Completing a professional rehab program for a substance use disorder, such as the programs available through Ridgefield drug rehab, is just the beginning step along the long road to maintaining a sober life and being active in the recovery process.
Establishing a multi-faceted support network is key to keeping accountability and making recovery an everyday priority. Even with a successful foundation, the road to recovery can be filled with challenges that make staying the course difficult. One such challenge you may encounter involves the complications of romantic relationships.
Why are romantic relationships challenging in recovery? A major reason is the all-consuming potential of a relationship, particularly to someone who is in a vulnerable state after going through an intense life change. It can be easy to replace an addiction to a substance with another addiction, such as a potentially unhealthy romantic relationship. A love addiction can lead to a codependent relationship that can not only cause relapse but also turn into both emotional and physical abuse.
This very real possibility leads to the common conception that dating in recovery should be avoided for at least a year.
While this is a good general rule of thumb to help ensure the best odds of maintaining sobriety during and after a rehab program, this does not mean it is an absolute rule. No two people are the same, so no two timelines for dating in recovery or dating after rehab are the same.
The best predictor of future results is past results, and past results show that 45 percent of people in the United States that enter a substance use disorder treatment program also have a co-occurring disorder to address. This is a lot for any one person to unpack and sort without complicating the dynamic with a significant other.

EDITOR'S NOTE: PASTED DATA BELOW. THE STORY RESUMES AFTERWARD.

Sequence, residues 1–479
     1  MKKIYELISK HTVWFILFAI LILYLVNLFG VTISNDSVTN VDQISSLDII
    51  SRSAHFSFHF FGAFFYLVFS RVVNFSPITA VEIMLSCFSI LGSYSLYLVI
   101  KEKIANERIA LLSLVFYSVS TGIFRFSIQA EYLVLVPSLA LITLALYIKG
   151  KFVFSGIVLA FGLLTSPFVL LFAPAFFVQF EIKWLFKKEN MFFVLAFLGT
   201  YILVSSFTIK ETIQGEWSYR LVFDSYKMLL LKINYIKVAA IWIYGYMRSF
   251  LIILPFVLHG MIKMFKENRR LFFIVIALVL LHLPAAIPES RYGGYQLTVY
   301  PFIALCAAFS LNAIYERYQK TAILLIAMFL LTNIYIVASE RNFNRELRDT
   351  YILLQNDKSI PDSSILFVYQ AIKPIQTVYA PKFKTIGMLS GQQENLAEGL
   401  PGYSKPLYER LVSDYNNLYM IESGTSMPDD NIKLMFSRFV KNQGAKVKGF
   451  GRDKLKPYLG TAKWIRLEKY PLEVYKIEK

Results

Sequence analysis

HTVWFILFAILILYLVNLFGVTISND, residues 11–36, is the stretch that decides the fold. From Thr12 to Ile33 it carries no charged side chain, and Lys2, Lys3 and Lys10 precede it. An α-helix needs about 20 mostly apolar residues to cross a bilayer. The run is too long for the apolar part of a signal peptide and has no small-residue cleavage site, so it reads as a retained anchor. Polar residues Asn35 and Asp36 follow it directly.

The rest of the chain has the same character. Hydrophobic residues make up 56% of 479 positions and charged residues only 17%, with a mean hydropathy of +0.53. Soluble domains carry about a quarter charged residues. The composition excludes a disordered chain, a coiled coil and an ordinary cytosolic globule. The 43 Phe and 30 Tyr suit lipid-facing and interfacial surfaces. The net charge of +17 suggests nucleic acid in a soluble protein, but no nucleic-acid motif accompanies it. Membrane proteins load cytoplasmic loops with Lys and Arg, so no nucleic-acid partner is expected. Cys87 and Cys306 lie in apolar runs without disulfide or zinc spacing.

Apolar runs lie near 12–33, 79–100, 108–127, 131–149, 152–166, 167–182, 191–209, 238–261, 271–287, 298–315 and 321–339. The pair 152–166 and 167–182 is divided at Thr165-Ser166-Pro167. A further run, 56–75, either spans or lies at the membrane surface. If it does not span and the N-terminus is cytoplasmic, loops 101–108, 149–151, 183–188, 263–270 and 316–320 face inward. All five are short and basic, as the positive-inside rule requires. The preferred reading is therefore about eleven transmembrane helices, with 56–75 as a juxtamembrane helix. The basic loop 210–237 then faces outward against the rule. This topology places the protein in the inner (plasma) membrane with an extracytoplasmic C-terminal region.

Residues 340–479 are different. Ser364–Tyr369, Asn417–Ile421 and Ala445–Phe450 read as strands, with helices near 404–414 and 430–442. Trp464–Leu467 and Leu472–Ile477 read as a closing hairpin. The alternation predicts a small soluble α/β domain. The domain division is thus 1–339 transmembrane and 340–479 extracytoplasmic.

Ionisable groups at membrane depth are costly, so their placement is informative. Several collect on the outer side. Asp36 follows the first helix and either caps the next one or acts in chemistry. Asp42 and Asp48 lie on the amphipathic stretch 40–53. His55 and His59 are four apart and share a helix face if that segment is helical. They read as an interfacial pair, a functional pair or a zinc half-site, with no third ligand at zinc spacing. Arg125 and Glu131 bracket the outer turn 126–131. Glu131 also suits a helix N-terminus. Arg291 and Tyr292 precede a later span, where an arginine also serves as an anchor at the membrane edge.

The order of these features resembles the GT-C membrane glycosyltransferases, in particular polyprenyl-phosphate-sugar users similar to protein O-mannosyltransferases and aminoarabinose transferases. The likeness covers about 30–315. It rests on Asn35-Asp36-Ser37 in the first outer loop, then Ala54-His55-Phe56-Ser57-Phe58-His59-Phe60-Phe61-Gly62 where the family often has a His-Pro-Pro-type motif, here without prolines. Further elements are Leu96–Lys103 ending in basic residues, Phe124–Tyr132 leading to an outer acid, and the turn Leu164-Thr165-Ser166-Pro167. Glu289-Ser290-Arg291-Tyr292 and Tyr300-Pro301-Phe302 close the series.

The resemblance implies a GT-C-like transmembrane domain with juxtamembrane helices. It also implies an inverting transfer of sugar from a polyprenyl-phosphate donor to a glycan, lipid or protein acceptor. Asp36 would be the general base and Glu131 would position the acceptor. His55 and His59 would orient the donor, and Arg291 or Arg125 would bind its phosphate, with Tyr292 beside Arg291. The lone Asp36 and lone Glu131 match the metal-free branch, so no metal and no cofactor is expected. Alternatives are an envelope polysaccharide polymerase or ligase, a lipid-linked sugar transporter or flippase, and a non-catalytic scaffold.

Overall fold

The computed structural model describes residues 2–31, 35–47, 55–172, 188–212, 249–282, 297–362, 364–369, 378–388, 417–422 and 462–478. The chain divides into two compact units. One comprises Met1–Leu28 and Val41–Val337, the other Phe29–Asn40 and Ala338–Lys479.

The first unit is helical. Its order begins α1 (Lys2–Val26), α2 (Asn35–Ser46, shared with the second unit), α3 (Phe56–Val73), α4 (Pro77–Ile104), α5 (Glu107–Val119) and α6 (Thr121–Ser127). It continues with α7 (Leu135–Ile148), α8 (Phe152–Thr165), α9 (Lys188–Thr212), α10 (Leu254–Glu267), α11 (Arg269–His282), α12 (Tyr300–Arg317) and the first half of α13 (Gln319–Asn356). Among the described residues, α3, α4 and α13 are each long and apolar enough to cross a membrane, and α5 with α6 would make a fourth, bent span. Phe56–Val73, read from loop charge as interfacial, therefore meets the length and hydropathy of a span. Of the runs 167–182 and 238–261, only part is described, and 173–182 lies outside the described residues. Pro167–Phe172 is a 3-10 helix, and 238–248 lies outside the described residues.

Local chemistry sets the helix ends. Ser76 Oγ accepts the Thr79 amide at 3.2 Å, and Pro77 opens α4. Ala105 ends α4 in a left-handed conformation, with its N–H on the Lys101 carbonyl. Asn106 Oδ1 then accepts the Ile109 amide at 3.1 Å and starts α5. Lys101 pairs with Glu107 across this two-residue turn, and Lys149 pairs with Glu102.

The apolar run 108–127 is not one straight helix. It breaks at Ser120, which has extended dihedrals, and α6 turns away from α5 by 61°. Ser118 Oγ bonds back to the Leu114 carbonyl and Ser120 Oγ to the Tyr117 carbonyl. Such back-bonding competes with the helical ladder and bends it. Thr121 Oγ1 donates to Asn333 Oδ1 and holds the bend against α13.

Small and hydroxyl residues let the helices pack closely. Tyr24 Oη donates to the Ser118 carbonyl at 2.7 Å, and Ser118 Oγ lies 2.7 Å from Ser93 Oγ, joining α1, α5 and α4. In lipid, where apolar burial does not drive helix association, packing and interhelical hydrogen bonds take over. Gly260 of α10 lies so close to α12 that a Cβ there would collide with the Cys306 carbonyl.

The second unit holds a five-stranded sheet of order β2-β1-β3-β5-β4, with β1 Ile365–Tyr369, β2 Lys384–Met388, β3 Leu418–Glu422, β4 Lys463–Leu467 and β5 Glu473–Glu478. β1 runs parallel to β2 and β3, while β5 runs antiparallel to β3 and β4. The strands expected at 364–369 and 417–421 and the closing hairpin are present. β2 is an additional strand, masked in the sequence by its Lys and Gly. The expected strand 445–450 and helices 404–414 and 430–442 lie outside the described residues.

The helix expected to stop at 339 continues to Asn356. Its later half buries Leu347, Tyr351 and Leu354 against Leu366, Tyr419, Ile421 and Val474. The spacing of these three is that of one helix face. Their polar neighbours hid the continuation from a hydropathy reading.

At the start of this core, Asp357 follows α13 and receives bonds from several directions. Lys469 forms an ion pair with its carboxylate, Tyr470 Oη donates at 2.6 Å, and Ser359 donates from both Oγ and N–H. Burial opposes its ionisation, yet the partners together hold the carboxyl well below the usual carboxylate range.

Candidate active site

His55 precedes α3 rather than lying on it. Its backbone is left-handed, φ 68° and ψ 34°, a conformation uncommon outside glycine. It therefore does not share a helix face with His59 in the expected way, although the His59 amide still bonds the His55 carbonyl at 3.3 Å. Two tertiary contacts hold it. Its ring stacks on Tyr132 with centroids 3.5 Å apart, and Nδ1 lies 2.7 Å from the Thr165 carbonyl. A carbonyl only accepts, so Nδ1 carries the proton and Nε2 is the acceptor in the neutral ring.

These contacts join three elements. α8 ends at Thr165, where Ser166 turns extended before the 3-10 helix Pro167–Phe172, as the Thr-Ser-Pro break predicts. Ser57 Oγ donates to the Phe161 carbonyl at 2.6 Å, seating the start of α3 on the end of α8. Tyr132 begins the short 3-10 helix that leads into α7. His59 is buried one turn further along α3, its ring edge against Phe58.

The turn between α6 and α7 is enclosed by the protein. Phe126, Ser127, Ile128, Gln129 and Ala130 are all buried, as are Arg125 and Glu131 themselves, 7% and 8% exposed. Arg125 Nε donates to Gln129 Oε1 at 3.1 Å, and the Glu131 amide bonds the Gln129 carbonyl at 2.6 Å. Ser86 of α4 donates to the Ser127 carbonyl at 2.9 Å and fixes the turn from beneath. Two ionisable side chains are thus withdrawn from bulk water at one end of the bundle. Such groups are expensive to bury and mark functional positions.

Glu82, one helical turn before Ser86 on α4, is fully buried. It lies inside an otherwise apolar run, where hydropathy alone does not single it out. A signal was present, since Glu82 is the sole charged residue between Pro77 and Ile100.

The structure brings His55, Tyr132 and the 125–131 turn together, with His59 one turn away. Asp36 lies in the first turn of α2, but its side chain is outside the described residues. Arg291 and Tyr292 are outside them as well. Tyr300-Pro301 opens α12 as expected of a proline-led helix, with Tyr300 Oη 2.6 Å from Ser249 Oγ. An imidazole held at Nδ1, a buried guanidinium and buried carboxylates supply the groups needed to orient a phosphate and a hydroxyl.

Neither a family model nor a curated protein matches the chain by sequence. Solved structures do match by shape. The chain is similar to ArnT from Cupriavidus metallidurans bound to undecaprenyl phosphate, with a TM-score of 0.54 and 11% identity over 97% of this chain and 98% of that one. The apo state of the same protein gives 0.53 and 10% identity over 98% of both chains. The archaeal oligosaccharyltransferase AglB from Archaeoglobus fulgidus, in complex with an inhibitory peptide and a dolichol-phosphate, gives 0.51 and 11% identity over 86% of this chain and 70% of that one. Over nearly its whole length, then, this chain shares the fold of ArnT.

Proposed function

Dealing with underlying mental health issues and recovering from substance misuse take time to properly manage. Rushing into a relationship too quickly can derail both parties involved from a positive and enriching life.
The major challenge to entering a relationship while newly sober is to remember to take the time to heal yourself first and foremost. It can be easy to get lost in pleasing another person, especially when a relationship is new. The need to please may even be enhanced due to a sense of shame from struggling with a substance use disorder. There is no need for shame, but without taking the time and therapeutic practices to deeply understand that fact, it can be easy to lose your footing on the road to recovery.
A way to fill a void that you may feel in life without a relationship while newly sober is through your support network. Support groups are one of many recovery resources you can utilize to find like-minded people who can understand what you have been through and be there for you when times get tough. This gives you a sense of community and camaraderie without the pressures and expectations of a romantic relationship.
Remember, the primary focus of recovery is the individual self. Every person’s recovery is as unique as every person, so there is never a right or wrong way to approach sobriety or dating in recovery. As long as you are taking care of yourself and your health first and foremost, it is up to your discretion how to handle romance. To find out more about how recovery can work for you and your loved ones, contact us today. The call is confidential, available 24/7, and free.